The Pope's position is now based upon the state of the corrections system -- a position neither biblical nor theological in nature.  Furthermore, it is a position which conflicts with the history of prisons.  Long term incarceration of lawbreakers in Europe began in the 1500s.  Of course, long term incarceration of slaves had begun thousands of years before --  meaning that all were aware that criminal wrongdoers  could also be subject to bondage, if necessary - something that all historians and biblical scholars -- now and then --  were and are well aware of. 
Since it's inception, the Church has issued numerous pronouncements, encyclicals and previous Universal Catechisms.  Had any biblical or theological principle called for a replacement of the death penalty by life imprisonment, it would have been revealed long before 1995. 
There is, finally, a disturbing reality regarding the Pope's new standard.  The Pope's defending society standard requires that the moral concept of justice becomes irrelevant.  The Pope's standard finds that capital punishment can be used only as a vehicle to prevent future crimes. Therefore, using the Pope's standard, the moral/biblical rational -- that capital punishment is the just or required punishment for murder -- is no longer relevant to the sin/crime of murder.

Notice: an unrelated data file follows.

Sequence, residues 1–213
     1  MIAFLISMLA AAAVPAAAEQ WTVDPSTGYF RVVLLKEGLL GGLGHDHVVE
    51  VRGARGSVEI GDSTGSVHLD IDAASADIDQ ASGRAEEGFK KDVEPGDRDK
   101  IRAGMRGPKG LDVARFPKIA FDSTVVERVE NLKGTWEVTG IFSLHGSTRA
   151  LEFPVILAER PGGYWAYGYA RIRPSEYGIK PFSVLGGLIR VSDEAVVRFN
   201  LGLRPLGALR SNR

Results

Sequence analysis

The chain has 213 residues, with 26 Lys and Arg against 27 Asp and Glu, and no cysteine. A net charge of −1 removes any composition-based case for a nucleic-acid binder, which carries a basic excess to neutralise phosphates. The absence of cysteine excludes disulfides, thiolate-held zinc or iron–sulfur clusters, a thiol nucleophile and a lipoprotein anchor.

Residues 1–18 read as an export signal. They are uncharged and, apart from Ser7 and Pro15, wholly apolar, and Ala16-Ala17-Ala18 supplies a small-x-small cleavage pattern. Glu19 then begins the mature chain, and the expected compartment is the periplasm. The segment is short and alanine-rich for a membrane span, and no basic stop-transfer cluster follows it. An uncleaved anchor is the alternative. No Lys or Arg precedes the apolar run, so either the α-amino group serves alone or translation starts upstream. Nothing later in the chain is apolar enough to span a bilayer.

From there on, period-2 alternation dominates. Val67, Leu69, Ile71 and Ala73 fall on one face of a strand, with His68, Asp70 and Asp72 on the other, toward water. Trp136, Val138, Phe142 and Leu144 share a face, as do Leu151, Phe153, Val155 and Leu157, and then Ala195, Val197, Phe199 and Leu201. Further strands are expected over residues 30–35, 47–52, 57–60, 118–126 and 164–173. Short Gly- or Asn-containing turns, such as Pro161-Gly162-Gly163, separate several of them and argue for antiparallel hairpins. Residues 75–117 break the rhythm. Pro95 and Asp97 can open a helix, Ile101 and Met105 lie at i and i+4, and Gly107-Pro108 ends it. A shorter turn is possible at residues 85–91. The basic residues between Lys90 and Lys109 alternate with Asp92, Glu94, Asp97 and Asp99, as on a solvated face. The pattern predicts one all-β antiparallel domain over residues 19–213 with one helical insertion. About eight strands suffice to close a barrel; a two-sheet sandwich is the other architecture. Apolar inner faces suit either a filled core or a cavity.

If defending society is the new standard, the Pope has decided that the biblical standards of atonement, expiation, justice and required punishments have all, necessarily, been discarded, with regard to execution.
The Pope's new position establishes that capital punishment no longer has any connection to the harm done or to the imbalance to be addressed.  Yet, such connection had always been, until now, the Church's historical, biblically based perspective on this sanction.  Under a defending society standard, the injury suffered by the murder victim is no longer relevant to their punishment.  Executions can be justified solely upon that punishments ability to prevent future harm by the murderer.

Therefore, when considering executions in regard to capital murder cases, a defending society standard renders justice irrelevant.  Yet, execution defends society to a degree unapproachable by any other punishment and, therefore, should have been fully supported by the Pope.